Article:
The gift of sleep is something which we all need no matter what age, what type of lifestyle or indeed any medical conditions we may suffer.  Sleep can be a major problem for some diabetics with the risk of unbalanced blood glucose levels leading to disrupted sleep and in extreme circumstances diabetic hypos. The idea of a more comfortable and a better night sleep will be a godsend to many diabetics and may not be too far away if research by the University of Buffalo proves to be fruitful.

Researchers have been looking at ultrasound as a means of monitoring blood glucose levels and using this system to connect with implanted insulin pumps which will effectively monitor blood glucose levels “real-time” and make the required adjustments. Is this fiction or is this the type of idea which could literally change the life and times of diabetics?


Complimenting the Body’s Monitoring System

There is obviously a very complex monitoring system within the human body although diabetes is to all intents and purposes a malfunction of the immune system which can in certain circumstances prove fatal. If scientists are really able to implant additional “nanotechnology style” sensors within the body, which will activate an inbuilt insulin pump, this could have a major impact upon the life of diabetics never mind their sleeping patterns.

The idea of introducing an automatic insulin pump is not new, and research has been ongoing for around 10 years now, but the systems have predominantly used radio waves which do have specific drawbacks. Radio waves find it very difficult to penetrate the skin, muscle and other body tissues and indeed they also create heat which can cause major problems within the body. The idea with regards to ultrasound technology is very simple – the body consists of around 65% water which is the perfect network for ultrasound induced insulin pumps.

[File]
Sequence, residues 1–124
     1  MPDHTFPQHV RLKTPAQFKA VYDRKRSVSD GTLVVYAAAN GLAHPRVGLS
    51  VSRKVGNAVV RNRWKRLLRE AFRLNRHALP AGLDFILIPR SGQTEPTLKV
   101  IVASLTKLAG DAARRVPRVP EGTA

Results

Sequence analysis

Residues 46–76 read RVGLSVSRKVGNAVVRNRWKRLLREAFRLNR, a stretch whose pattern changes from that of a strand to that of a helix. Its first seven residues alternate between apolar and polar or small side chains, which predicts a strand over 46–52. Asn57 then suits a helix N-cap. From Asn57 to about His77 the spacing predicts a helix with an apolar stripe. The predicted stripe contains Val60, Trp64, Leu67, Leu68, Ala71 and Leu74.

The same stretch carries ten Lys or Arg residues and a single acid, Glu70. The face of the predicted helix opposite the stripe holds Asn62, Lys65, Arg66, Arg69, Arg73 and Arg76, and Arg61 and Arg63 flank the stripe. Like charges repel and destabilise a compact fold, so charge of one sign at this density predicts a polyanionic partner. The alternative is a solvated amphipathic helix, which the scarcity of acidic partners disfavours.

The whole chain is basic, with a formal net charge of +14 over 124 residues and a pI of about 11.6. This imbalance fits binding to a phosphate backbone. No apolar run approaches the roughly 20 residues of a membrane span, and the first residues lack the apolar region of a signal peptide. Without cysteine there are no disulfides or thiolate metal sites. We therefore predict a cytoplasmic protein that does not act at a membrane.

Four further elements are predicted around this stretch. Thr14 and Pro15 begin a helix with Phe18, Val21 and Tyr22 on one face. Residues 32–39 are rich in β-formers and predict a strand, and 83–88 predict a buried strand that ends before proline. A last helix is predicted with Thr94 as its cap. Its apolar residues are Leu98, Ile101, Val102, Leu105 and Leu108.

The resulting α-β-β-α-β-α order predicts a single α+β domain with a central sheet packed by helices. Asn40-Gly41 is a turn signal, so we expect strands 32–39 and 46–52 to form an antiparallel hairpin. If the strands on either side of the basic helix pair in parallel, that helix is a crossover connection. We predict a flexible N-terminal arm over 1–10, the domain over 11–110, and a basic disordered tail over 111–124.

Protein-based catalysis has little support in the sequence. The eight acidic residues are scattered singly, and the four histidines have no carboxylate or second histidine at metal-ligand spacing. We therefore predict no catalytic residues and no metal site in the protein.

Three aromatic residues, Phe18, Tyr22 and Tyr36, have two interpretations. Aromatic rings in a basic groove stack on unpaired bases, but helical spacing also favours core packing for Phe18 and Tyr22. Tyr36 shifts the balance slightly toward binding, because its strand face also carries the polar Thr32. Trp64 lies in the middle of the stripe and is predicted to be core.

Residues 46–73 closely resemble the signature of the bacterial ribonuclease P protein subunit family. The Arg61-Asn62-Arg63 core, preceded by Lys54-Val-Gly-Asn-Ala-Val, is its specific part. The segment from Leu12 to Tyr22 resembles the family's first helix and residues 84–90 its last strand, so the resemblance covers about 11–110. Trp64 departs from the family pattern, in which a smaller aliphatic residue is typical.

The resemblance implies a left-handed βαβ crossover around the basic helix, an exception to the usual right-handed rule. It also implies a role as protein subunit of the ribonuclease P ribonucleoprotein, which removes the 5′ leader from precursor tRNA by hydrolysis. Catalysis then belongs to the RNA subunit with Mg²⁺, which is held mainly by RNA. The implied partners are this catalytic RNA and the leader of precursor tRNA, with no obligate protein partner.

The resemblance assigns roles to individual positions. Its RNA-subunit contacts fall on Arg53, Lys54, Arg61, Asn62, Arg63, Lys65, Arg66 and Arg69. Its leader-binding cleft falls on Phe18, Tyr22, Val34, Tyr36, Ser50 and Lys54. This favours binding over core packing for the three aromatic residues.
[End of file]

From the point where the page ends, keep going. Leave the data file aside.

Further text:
Is an Ultrasound System Viable?

While on the surface it may seem something of a jump in technology to introduce an ultrasound alert system to the body which will automatically trigger an insulin pump, this is not too far extended from reality. It would use the same type of system which submarines use for radar and doctors use for sonograms. Perhaps the major benefit of this particular technology is the fact it is already there being used under different circumstances and could quite easily be adapted for diabetics, as well as other medical conditions.

It will be interesting to see how quickly this particular technology progresses because scientists in America are now looking to move one step further and create an experimental environment in which the technology can be tested. When you also take into account the latest nanotechnology, these alert systems and insulin pumps could be tiny and effectively slip under the radar of the body’s immune system which would normally reject “foreign entities”.



If doctors are able to find some automatic way of regulating blood glucose levels for diabetics this will lead to not only more comfortable sleeping patterns but also a more comfortable way of life. Even though many diabetics have become used to injections and other uncomfortable medication procedures, it would be a godsend to have an automatic system taking in the latest nanotechnology which would effectively take the place of their damaged insulin cells.

This particular technology is still some way off but it does pose the question how far it can be extended and what other medical conditions and procedures could be improved. For some time now doctors have been questioning the relatively slow speed of development in the diabetic treatment industry although, when taking into account new nanotechnology, we could potentially be on the verge of something groundbreaking and life changing.